The new dashboard being rolled out over the next couple weeks will more closely identify where these clusters are occurring.
 
The governor and Sudders also had some sobering news for Thanksgiving — it's not a good time for traditional family gatherings. 
 
"I know that's hard to say and in some respects it will be even harder to do," Baker said.
"The science on this one's pretty clear. gathering in groups indoors for an extended period of time with family and friends is likely the worst possible scenario for spreading the virus."
 
The DPH has released advice on how to safely celebrate the iconic holiday that started in Massachusetts. It shouldn't be 18 people around a dinner table, said the governor, referring to how his family celebrated last year. Small gatherings, and virtual connections are the way to go, he said. 
 
"Every family here in the commonwealth needs to think long and hard about the well-being of your loved ones before you make your plans," Baker said. "If you have a loved one who's at high risk for COVID, it's simply a bad idea to risk exposing."
 
The public health officials are recommending small get-togethers in line with the state's limits, not sharing food or utensils, keeping windows open for ventilation, single-use servings and disposable dinnerware, social distancing and mask wearing inside, and isolating before and after holiday gatherings. 
 
"November, December or months of significant holiday gatherings, from Thanksgiving to Hanukkah to Christmas. It's a time when family and friends come together," said Sudders. "We know Thanksgiving is top of mind once we get by Halloween. Being with one another is something that many of us need and want more than ever.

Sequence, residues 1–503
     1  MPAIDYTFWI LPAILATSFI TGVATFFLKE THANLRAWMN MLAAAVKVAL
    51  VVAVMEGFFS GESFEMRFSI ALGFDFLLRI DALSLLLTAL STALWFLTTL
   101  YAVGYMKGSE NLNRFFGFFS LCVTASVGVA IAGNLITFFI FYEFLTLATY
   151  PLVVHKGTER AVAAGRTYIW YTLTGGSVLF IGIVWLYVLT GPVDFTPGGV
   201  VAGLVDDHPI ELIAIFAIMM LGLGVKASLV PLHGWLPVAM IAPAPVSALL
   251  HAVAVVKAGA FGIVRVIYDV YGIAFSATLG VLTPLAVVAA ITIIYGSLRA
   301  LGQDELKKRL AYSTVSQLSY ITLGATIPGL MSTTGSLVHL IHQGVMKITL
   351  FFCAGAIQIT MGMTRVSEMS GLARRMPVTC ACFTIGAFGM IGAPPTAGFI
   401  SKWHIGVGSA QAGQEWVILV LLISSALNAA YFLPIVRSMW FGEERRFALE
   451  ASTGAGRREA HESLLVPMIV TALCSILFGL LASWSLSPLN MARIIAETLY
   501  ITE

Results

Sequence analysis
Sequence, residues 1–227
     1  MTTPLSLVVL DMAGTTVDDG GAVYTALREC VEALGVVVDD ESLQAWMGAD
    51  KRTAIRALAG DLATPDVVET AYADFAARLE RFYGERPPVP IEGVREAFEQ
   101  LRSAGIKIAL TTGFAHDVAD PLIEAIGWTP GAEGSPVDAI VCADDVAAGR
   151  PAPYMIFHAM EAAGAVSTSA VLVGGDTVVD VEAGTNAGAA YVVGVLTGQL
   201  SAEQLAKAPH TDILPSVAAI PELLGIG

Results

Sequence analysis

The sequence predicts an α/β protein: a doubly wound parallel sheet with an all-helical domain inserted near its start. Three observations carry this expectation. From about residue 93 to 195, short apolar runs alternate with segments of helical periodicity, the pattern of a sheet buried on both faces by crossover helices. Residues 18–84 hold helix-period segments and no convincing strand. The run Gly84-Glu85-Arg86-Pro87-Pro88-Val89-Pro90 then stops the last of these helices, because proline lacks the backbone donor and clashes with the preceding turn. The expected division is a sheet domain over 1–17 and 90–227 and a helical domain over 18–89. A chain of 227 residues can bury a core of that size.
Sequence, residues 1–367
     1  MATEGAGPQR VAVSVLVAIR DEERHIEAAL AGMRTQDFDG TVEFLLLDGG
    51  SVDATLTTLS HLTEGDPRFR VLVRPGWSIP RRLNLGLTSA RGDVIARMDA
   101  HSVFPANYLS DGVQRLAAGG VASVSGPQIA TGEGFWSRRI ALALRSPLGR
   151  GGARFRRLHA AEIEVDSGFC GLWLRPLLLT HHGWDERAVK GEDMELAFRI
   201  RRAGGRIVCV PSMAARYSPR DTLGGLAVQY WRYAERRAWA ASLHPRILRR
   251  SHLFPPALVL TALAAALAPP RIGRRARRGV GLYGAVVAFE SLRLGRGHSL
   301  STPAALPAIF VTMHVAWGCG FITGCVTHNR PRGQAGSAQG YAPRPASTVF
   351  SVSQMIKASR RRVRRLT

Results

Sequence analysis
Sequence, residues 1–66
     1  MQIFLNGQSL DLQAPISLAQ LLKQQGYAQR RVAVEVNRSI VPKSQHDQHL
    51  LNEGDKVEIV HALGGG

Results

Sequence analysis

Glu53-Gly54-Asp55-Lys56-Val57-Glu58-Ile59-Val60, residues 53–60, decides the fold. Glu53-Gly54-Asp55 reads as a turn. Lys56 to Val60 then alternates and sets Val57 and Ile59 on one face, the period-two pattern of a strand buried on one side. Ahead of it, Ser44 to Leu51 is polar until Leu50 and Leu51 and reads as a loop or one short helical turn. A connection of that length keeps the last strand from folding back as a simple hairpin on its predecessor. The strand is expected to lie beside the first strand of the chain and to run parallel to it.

"But we must remain vigilant and incorporate code and safety precautions into everything we do, including holiday celebrations."
 
When asked if his faith in citizens have been shaken by the recent upsurge in cases (the last week has seen positive numbers comparable to May), Baker said he understood that people are "hungry" for social connections after so many months. 
 
However, throughout the presser, he stressed the need to wear masks and social distance to avoid the "silent spread of COVID."
 
"If people let their guard down, if they don't do their part, all that preparation and all that sacrifice that we've made to bring our numbers down won't be sustained," the governor said.
 

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Storm System Could Bring Region's First Nor'easter of Season

The dusting of snow the Berkshires got on Wednesday — after enjoying temperatures in the high 50s the days before —may have been a warning of things to come. 
 
The National Weather Service in Albany, N.Y., has posted a winter storm watch for the Berkshires this weekend and some forecasters say this could be the first Nor'easter of the season. 
 
"It looks like as we go forward we are going to see a strengthening storm coming up the Eastern Seaboard, but the forecasting dilemma, and it always is, is the exact track of the storm," AccuWeather Chief Broadcast Meteorologist Bernie Rayno said on Thursday.
 
NWS is warning of heavy snow and accumulations of 6 inches or more in the Berkshires and Southern Vermont. The storm is expected to hit Saturday morning and run through Sunday morning. Travel could be difficult because of covered roadways and low visibility.